We arrived in Tiraspol at about 7pm in total darkness, where we were greeted by some official looking chaps on the platform and escorted to a little window round the front of the station building, using the walk to wisely plan how to get out of having to bribe them if they tried to detain us for anything, and were pleased to find out we just had to fill in our registration forms so we could stay for 24 instead of 10 hours. It was a very professional and official looking set-up, where the bloke in the window had to hold back the blinds with paperclips so he could talk to us, and kept stopping to text his girlfriend. Once we were all official and everything, we headed off into the night (with no passport stamp, bad show!).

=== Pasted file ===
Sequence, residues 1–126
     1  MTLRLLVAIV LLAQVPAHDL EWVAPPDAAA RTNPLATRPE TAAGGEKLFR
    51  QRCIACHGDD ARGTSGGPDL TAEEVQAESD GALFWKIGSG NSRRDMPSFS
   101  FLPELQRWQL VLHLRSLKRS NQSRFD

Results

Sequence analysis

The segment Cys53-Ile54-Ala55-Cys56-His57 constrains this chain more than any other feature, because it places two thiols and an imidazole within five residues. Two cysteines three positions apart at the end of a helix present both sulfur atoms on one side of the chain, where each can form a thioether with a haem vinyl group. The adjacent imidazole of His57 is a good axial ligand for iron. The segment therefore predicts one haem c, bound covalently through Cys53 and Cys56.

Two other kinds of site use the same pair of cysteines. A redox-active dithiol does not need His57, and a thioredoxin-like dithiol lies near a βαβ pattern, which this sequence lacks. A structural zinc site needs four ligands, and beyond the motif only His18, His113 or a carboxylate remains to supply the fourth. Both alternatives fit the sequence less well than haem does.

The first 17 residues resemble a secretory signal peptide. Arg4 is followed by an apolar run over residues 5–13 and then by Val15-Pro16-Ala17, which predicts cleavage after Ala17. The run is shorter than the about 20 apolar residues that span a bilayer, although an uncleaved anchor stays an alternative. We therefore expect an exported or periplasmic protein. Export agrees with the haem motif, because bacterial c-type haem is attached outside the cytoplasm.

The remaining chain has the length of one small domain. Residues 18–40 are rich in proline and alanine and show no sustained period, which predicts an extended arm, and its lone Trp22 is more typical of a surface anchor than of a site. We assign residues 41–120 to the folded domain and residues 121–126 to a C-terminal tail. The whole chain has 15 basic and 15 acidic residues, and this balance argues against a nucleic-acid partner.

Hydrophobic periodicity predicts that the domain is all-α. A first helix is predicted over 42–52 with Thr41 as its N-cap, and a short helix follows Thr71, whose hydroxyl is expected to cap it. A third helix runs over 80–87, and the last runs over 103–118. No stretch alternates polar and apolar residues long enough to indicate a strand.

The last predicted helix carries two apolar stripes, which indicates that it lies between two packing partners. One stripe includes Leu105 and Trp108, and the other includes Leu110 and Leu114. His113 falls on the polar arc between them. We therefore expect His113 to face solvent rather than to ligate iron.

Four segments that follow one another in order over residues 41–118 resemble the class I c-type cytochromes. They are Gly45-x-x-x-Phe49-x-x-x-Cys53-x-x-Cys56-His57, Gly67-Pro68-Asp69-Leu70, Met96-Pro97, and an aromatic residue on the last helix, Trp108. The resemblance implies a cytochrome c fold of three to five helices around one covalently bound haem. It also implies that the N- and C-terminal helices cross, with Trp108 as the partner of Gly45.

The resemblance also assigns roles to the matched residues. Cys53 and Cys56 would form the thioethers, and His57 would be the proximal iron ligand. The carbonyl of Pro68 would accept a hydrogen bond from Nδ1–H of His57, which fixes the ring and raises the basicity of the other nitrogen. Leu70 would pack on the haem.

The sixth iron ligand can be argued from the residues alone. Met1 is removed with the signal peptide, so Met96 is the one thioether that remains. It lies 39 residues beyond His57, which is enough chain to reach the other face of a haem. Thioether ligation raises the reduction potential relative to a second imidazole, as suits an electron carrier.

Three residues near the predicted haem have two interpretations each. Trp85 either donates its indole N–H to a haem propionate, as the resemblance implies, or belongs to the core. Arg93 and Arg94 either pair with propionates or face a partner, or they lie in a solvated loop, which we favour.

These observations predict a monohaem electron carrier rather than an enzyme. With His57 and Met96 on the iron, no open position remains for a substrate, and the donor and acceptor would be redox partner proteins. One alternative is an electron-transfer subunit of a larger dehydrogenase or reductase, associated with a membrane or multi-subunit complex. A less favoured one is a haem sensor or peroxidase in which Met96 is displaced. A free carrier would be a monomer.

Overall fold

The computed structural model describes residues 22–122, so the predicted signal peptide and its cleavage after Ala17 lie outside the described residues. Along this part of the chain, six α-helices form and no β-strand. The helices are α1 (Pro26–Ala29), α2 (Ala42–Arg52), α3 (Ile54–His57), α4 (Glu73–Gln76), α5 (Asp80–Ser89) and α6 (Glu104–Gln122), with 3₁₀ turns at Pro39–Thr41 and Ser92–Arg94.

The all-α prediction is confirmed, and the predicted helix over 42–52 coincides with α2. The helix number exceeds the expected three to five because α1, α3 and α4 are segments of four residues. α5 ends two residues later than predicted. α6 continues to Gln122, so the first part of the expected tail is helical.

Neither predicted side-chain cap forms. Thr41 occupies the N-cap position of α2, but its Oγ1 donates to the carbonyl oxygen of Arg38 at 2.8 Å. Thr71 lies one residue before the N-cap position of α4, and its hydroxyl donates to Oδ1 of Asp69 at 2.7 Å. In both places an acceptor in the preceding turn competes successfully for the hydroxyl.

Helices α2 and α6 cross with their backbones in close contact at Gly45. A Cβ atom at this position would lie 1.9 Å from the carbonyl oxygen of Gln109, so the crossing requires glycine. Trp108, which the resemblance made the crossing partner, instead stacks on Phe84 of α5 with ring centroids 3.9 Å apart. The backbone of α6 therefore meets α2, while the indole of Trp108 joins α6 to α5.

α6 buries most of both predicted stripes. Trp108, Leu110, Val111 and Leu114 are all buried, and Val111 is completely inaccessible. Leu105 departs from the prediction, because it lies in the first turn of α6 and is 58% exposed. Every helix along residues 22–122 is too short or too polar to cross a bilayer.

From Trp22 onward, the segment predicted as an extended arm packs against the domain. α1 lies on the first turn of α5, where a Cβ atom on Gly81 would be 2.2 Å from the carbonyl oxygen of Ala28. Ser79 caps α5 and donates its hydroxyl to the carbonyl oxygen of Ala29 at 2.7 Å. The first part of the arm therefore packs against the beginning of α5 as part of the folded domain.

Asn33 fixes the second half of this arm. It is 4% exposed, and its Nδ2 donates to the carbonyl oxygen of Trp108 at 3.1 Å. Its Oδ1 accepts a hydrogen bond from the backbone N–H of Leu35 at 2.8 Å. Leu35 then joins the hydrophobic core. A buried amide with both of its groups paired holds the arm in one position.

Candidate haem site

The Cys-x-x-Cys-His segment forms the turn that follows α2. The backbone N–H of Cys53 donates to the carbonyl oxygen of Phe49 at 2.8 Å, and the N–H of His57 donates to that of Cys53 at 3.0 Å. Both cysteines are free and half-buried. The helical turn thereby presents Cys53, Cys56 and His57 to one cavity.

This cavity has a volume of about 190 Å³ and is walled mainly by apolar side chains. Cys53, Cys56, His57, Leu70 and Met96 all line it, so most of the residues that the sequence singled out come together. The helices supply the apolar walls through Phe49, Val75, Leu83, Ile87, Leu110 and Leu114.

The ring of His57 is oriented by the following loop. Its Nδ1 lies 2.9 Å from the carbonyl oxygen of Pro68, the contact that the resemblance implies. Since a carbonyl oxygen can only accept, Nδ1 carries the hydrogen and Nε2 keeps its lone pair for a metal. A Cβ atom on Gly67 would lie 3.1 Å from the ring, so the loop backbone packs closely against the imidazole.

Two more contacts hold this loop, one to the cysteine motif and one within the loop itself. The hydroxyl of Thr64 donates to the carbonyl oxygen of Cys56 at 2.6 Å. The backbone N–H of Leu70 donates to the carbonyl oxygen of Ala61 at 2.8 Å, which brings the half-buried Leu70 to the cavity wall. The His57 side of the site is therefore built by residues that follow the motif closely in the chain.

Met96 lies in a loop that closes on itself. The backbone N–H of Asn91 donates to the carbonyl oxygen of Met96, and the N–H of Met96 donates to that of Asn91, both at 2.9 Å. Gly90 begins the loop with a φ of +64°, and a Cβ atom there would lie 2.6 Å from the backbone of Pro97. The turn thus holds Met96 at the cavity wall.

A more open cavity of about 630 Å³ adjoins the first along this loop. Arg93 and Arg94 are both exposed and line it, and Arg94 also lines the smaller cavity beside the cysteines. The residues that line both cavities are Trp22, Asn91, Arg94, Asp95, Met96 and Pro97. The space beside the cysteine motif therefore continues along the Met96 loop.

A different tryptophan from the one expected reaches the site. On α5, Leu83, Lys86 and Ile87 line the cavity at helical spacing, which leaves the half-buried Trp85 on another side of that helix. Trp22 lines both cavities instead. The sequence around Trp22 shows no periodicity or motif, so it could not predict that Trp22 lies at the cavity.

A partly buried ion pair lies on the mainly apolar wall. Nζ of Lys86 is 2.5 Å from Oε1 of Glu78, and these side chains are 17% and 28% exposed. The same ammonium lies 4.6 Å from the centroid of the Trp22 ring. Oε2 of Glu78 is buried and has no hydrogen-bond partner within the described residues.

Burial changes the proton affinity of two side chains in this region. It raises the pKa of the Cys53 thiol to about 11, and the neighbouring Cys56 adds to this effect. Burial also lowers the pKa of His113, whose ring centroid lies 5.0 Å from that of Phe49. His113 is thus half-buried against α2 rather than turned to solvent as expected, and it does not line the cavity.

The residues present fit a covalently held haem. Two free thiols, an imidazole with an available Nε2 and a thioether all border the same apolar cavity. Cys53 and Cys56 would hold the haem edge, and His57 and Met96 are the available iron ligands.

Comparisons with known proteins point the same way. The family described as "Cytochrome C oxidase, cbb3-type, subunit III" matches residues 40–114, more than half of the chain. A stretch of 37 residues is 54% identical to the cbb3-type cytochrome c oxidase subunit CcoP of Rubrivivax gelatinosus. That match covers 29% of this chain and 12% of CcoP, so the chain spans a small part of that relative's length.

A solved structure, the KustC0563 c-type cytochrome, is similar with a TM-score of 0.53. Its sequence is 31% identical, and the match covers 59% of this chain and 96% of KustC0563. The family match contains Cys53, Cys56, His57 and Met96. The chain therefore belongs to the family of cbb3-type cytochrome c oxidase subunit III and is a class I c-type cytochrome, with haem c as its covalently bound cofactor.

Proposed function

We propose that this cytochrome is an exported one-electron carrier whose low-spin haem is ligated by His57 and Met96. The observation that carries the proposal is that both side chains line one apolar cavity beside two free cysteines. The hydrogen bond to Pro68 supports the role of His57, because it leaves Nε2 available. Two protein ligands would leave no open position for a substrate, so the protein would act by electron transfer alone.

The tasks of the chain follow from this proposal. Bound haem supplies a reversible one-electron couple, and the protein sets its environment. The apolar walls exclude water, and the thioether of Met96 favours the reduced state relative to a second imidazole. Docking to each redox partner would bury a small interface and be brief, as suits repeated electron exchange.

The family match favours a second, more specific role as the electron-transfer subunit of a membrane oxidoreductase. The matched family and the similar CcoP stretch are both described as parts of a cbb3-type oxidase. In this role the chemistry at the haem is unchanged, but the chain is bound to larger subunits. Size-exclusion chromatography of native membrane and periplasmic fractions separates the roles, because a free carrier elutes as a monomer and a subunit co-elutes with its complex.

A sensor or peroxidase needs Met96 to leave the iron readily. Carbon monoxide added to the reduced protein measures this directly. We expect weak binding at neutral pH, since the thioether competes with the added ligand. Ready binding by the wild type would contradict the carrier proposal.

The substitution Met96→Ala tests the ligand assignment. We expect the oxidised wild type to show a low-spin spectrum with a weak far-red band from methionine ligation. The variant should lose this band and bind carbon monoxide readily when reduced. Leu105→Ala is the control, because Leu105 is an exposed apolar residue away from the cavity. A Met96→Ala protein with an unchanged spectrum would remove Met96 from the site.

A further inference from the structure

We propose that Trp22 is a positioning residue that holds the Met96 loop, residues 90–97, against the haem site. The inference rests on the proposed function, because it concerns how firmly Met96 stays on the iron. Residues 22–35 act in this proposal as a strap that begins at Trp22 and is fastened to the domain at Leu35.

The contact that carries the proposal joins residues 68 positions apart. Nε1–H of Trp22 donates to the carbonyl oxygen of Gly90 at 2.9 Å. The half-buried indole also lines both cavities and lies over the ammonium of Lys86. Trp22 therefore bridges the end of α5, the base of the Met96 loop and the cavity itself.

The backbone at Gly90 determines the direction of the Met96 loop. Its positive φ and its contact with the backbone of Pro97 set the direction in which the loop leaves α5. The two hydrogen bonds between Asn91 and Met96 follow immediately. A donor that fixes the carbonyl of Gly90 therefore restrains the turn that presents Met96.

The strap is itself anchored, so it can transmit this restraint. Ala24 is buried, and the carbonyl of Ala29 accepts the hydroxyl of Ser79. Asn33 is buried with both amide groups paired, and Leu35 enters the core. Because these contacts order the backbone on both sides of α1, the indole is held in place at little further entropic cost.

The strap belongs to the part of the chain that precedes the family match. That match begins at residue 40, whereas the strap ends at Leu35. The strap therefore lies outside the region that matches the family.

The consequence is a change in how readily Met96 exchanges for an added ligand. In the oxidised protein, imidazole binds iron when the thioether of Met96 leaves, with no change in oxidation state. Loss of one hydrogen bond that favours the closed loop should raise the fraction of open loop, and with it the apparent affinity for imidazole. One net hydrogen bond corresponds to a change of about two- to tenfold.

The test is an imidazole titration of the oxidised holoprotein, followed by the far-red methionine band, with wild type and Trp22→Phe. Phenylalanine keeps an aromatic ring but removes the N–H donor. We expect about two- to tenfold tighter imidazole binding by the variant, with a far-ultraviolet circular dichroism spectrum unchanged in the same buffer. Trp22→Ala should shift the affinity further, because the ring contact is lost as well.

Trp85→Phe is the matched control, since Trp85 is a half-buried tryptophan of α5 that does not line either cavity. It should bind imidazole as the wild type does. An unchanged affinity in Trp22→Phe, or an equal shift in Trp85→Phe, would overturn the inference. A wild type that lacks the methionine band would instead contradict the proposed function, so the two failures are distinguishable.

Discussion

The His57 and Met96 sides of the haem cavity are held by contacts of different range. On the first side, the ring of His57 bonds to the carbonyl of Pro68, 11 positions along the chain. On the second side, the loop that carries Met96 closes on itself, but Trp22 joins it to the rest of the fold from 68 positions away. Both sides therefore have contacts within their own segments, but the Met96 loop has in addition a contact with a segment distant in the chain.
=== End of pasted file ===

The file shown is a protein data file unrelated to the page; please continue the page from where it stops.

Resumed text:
Earlier in the day while sat in the bar in Odessa, it had occurred to us that due to the drunken tomfoolery of the previous few days, that we had forgotten to book our hostel in Tiraspol. Well…we had attempted to, but their website was abysmal and nothing happened when you clicked either the “Booking” or “Contact Us” button. Since “Tiraspol Hostel” was the only hostel in the whole of Transnistria, we thought we had better get it booked just in case, so we emailed “Tim” the proprietor (upon finally managing to find the email address on the website) asking if they had room for us tonight. He replied quite quickly saying that yes, this was fine, we exchanged phone numbers in case we got lost and he sent us vague directions to “Andy’s Pizza” where we would meet him and he would take us to the hostel. Said vague directions were along the lines of “go right outside of the train station, past the park, right down the main road and Andy’s Pizza is on the left”, so we attempted to follow them and ended up miles from anywhere (after nearly being trampled by a stampeding horse and donkey being raced by what we can only assume is the Transnistrian equivalent of chavas– great first impressions of Tiraspol!) as we’d assumed the wrong road was the Main Road (they’re all main roads when we’re finished with them). We were glad we had his phone number at this point, and Susan rang him to see where we’d gone wrong and despite his offer to meet us at the corner told him to stay put at Andy’s Pizza and we would be there shortly. Upon finally locating the now infamous Andy’s Pizza, Tim was nowhere to be found. Susan rang him again and he had taken it upon himself to have a walk to try and find us instead of staying put, so of course we missed each other. After 10 minutes of hanging around, stroking the horse and donkey (a different horse/donkey combo than the ones we’d been stampeded by on Not Main Road) that were randomly tethered to the railings outside of Andy’s pizza and throwing a welcoming smile to any bloke who walked past in case it was Tim (before thinking better of it stood on a random street corner in a dubious break away Soviet state), the man himself finally turned up. Continue reading Searching, looking for dubious bars, every place we caaaan. Searching, looking for baaaaaars, we have to find an old man! – Tirispol, Transnistria